Diary of a Financier

Chart Update: DXY 1995 Analogue

In Capital Markets on Thu 15 Mar 2012 at 19:04

As I’ve discussed, I’m a big proponent of a secular US Dollar (USD) bull market. Occasionally moving parts of the allocation back and forth between Gold (GLD) & Treasuries, I’ve maintained some position in the US Dollar ETF (UUP) since last summer, when I expected DXY to rally from <74 to its 82 prime meridian. 11% later, mission accomplished.

As the calendar has turned since my last US Dollar Index (DXY) chart update, I thought I would refresh my analogue, which relates 1995 to today:

DXY 1995 v 2011 analogue

I remain a bull on the secular USD trend, since the daily fractal is captive in a classic Cup & Handle pattern with a rim ~81.50. I expect a catapult above that resistance within a few weeks to a month:

DXY daily- Cup & Handle

However, regarding the analogue, I do acknowledge the possibility that it won’t materialize in full. Due to the precarious condition of federal finances, the mouthfeel of today’s story seems different. For example, when I overlay the Fed Funds Rate v. DXY, you’ll notice the rising rate environment in the 1990s:

DXY v Fed Funds- 1994-97 rising rate environment.

We will not see a rising Fed Fund Rate here today, because of those precarious federal finances. I keep referring to this reality as the Great See-Saw. More significant than the issue of our twin deficits, the Federal Reserve is guarding a detonator on its own balance sheet. Ben Bernanke has to tap-the-breaks on growth to stymie private-sector banks’ Excess Reserve deposits. If withdrawn from deposit with the Fed and unleashed upon the real economy, these Excess Reserves would stoke unpalatable inflation. In normal circumstances, traditional monetary intervention (Fed Funds rate hikes) would stem such a panic, but today’s Fed is harnessing a balance sheet flush with interest rate risk.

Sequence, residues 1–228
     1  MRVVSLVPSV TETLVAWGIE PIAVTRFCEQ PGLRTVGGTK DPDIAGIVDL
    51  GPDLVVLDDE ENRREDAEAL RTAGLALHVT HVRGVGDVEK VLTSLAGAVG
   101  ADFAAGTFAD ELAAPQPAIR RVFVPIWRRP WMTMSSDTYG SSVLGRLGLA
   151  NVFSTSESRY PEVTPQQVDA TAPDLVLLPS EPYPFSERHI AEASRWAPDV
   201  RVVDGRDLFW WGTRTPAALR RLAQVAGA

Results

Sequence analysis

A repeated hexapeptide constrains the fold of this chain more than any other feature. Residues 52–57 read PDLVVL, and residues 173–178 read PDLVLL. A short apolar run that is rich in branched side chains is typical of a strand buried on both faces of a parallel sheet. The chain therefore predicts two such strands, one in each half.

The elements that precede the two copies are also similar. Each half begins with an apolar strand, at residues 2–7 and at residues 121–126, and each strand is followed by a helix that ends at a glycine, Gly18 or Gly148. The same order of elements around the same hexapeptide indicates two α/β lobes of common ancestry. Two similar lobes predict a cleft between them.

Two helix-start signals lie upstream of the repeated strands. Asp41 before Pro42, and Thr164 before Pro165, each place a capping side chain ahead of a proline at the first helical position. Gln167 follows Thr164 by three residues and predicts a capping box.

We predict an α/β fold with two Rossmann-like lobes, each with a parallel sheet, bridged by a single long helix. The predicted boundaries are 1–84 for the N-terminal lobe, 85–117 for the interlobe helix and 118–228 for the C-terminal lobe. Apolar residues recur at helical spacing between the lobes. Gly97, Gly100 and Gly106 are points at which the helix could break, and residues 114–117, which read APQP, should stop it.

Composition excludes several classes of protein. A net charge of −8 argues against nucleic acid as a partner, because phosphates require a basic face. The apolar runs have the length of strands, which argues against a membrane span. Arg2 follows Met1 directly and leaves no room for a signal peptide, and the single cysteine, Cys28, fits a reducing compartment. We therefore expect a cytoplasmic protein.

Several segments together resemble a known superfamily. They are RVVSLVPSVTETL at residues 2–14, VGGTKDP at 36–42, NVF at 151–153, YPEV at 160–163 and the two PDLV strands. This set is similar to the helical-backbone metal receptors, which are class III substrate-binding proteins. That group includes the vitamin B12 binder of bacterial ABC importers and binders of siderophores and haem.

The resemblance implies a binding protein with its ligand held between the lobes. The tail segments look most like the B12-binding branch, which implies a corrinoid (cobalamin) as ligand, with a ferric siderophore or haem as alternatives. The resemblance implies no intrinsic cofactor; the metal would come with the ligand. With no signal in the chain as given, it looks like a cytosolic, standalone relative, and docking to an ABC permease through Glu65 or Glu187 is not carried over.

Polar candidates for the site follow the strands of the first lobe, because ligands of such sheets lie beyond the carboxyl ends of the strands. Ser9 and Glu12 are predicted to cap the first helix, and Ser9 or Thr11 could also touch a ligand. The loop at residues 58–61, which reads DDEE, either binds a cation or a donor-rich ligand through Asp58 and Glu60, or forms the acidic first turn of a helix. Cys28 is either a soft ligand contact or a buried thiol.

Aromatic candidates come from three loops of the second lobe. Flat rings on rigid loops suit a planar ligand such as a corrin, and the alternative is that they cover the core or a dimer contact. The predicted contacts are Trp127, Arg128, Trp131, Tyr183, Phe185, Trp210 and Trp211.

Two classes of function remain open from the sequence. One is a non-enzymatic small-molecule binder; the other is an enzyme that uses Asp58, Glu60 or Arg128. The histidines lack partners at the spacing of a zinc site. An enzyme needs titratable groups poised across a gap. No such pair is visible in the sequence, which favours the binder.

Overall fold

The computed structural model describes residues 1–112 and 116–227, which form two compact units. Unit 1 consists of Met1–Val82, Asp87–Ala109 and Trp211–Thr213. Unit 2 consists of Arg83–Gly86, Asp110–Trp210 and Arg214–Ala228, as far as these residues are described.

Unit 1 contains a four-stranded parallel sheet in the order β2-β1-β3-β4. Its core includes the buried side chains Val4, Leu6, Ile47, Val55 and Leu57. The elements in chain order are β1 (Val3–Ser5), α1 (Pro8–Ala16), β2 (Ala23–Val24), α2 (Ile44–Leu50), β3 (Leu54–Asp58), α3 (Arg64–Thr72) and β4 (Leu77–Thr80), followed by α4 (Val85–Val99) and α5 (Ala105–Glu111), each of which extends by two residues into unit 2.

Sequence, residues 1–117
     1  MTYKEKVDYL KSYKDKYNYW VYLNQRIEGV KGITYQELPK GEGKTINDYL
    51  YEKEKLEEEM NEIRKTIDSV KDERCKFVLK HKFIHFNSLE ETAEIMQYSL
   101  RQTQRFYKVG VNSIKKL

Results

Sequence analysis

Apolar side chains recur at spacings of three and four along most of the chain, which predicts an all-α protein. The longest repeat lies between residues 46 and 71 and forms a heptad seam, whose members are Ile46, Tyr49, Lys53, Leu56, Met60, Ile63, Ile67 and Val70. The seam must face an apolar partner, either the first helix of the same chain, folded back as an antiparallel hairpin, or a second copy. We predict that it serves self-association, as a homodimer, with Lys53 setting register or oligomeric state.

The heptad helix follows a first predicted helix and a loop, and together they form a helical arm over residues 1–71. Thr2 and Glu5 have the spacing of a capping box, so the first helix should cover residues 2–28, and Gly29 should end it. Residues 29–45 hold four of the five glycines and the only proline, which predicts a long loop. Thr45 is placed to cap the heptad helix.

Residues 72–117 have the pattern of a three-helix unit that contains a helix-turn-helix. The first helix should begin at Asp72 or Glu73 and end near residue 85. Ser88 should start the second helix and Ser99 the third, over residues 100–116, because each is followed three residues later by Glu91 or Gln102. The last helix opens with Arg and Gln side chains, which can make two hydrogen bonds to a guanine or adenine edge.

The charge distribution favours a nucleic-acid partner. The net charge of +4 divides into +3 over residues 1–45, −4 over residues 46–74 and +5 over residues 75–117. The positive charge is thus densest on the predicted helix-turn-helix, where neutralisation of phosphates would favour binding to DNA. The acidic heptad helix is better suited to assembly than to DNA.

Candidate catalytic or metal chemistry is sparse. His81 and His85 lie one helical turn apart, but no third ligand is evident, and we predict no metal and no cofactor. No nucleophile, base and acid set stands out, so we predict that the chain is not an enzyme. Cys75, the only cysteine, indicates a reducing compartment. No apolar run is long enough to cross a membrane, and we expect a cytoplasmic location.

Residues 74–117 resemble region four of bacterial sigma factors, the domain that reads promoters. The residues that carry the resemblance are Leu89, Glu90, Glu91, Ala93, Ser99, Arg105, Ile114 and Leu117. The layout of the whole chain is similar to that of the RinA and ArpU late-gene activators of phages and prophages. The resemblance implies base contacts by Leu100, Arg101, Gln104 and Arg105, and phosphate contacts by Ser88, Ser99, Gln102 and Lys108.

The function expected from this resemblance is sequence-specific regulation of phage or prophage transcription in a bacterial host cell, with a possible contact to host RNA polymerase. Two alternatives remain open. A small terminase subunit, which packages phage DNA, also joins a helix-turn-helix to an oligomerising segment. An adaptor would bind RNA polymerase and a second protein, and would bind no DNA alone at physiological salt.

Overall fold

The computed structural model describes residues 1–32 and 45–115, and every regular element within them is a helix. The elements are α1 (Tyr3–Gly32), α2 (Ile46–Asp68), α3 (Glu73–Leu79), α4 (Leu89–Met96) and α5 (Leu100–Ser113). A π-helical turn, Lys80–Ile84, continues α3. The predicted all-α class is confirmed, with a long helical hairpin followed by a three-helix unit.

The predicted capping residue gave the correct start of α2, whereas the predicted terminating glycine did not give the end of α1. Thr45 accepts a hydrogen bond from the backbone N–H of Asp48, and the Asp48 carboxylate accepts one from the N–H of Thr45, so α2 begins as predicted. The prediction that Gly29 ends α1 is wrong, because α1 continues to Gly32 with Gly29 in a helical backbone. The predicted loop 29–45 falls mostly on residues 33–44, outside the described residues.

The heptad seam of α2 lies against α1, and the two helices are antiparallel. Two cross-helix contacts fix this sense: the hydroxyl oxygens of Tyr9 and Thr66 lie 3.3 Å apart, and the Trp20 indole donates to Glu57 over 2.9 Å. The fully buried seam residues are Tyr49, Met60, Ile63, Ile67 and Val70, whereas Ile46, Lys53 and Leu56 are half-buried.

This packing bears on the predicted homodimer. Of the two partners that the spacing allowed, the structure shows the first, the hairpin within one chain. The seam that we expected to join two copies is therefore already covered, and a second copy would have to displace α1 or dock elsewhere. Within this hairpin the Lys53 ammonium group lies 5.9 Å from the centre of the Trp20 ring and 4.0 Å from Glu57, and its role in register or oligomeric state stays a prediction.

While this is all good and true, I have to acknowledge the state of Zero Interest Rate Policy (ZIRP). When the Fed Funds Rate hit its zero-bound, the Fed pursued Quantitative Easing as a means of supplemental monetary policy. This action managed to drop the real policy rate below zero, consistent with the recommendation of the Taylor Rule. Therefore, if I consider the fact that QE has ended (and monetary easing with it), real rates should start ascending from negative integers. Such action effectively achieves the same ends as the mid-1990s tightening cycle. This affirms my analogue and resonates to continued USD strength.

–Romeo

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  1. […] All this does not imply that USD/UST confidence is already being lost. It implies that debasing deficit spending hasn’t started to any meaningful extent… at least not as a result of the 2008-09 crisis. Plus, currency confidence is a relative term given the inherent structure of floating FX markets. Relative to other major FX crosses, the USD has sustained, especially when the US Dollar Index (DXY) is viewed from a wide lens. […]

  2. […] you’re well aware, Dear Diary, I’m a proponent of the secular US Dollar (USD) bull. I’ve highlighted 82 as the USD Index’s (DXY) […]

  3. […] you’re well aware, Dear Diary, I’m a proponent of the secular US Dollar (USD) bull. I’ve highlighted 82 as the USD Index’s (DXY) […]

  4. […] $200b in short-term (1-3 year) securities still exist on the Fed’s balance sheet.  Cleaning out their inventory risks losing control of the front-end of the yield curve.  Therefore, the FOMC will extend the ZIRP promise through 2015 (previously 2014).  In Ben Bernanke’s mind, this measure should help pin short-term rates without the Fed there to soak up supply.  I want to note the pitfall of this strategy, were Mr. Bernanke’s Fed to depend on it as a ZIRP supplement.  Every day closer we get to 2015, part of the yield curve should unhinge from ZIRP as more maturities will fall beyond that 2015 reach.  For example, a year from now, the on-the-run 3-year Treasury will mature outside the ZIRP regime.  It’ll be interesting to see whether the curve steepens or low coupons (high duration) emerge from new-issue auctions.  A zero-bound Fed Funds Rate will keep nominal rates at zero, but real rates could run higher in an escape from current sub-zero standing–the Taylor Rule’s perscription. […]

  5. […] the US Dollar Index (DXY) was in March, when I updated my surveillance of the 1995 Analogue. I concluded: “I remain a bull on the secular USD trend, since the daily fractal is captive in a classic Cup […]

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